More than one million pensioners working in UK

The number of over 65-year-olds working has increased to more than a million since the coalition came to power in 2011, according to research from Saga.

The company, which specialises in services for the over-50s said there had been a 36 per cent increase since May 2010, to 1.09 million, partly following the abolition of the default retirement age.

Paul Green, Saga’s director of communications, said: “Thanks in part to the abolition of the default retirement age many more older people are able to continue in work for as long as they choose to do so, rather than at the whim of their employer.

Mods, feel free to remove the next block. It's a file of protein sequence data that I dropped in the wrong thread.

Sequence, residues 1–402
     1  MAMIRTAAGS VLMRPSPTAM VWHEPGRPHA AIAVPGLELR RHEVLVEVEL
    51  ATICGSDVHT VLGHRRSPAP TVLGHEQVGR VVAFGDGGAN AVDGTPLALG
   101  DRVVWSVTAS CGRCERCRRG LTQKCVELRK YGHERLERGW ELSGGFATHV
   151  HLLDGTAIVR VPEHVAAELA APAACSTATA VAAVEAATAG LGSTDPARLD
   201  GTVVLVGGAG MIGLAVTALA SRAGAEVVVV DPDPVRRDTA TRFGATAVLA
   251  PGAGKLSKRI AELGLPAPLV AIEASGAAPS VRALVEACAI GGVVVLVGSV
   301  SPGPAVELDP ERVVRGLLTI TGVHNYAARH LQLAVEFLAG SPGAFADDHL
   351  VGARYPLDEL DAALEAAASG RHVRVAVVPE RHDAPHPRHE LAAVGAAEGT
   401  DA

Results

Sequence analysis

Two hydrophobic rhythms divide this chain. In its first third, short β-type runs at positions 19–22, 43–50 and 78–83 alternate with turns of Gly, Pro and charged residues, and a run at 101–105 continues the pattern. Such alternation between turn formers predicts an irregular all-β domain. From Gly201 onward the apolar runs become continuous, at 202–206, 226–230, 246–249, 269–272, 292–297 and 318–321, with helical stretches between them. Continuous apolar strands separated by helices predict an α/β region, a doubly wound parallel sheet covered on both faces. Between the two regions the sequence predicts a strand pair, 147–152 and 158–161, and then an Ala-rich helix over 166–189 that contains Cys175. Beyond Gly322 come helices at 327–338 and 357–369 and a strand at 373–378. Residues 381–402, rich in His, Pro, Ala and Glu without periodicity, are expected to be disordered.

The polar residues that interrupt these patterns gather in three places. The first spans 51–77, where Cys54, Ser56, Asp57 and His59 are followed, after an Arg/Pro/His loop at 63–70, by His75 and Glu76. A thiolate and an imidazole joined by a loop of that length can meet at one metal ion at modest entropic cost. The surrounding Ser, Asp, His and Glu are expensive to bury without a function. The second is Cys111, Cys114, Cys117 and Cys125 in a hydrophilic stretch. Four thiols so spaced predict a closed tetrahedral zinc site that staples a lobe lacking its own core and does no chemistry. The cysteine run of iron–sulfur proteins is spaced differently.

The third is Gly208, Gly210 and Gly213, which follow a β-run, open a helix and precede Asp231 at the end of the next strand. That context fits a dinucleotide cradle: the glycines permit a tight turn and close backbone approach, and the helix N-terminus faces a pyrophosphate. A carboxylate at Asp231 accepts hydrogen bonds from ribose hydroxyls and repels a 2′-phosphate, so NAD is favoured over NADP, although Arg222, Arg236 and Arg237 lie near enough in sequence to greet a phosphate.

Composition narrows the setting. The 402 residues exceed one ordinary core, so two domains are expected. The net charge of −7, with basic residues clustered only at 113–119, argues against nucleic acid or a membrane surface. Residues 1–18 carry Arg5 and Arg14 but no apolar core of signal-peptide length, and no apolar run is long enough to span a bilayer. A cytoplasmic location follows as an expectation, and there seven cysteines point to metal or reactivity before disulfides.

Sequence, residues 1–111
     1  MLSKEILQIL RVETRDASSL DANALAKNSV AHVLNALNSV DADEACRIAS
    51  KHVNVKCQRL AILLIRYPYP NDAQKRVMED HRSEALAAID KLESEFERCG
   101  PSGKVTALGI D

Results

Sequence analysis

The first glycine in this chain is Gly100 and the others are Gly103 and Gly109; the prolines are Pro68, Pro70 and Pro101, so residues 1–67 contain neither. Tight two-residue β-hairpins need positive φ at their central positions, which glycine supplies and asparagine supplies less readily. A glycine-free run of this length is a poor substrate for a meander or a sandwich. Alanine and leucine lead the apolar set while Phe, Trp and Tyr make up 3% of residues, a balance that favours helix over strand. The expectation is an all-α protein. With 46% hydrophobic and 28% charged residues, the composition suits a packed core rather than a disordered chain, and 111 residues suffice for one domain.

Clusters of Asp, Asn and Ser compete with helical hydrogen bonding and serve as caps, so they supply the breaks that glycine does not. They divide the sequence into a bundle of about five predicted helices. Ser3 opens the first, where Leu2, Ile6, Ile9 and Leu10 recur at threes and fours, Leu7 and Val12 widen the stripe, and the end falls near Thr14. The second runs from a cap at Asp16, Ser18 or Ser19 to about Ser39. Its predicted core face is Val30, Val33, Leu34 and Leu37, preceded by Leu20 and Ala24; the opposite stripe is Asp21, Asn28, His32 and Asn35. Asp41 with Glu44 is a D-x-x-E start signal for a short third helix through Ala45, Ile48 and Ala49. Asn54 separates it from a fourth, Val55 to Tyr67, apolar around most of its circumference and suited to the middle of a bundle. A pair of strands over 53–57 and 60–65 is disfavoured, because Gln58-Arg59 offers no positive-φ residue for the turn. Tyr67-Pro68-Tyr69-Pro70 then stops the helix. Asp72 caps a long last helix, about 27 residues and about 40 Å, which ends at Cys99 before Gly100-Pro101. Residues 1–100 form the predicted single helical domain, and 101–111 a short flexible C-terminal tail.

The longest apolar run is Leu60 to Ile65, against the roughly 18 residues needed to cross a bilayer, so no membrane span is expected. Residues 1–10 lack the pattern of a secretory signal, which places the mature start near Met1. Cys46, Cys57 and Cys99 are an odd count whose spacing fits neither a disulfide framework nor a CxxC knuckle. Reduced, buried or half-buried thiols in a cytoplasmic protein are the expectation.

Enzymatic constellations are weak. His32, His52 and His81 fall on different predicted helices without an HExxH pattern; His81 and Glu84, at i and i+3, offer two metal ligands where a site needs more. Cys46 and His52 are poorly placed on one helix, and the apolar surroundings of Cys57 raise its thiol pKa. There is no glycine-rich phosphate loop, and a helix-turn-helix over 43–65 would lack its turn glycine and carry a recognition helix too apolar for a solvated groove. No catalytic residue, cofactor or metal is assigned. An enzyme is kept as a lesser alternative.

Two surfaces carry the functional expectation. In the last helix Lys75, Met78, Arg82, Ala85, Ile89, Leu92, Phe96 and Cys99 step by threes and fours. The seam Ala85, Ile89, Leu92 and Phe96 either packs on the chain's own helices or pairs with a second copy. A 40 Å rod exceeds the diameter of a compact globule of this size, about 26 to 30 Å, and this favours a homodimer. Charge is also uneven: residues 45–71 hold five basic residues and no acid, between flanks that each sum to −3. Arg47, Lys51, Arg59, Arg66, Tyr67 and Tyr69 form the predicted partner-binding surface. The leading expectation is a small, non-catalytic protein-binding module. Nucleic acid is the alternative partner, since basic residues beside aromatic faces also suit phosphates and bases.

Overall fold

Critics of the abolition of the default retirement, claim that whereas older workers are protected from being sacked by bosses who perceive them as being too old to work, there are now record numbers of over-65s without adequate pension provision who have discovered that they cannot afford to retire.

Economist Dr Ros Altman, recently appointed as Business Champion for Older Workers, said unemployment among 50 to 64-year-olds has fallen more slowly than for younger workers. She said it suggested the over-50s were finding it more difficult to get back to work, with employers and recruitment agencies focusing on hiring young people.

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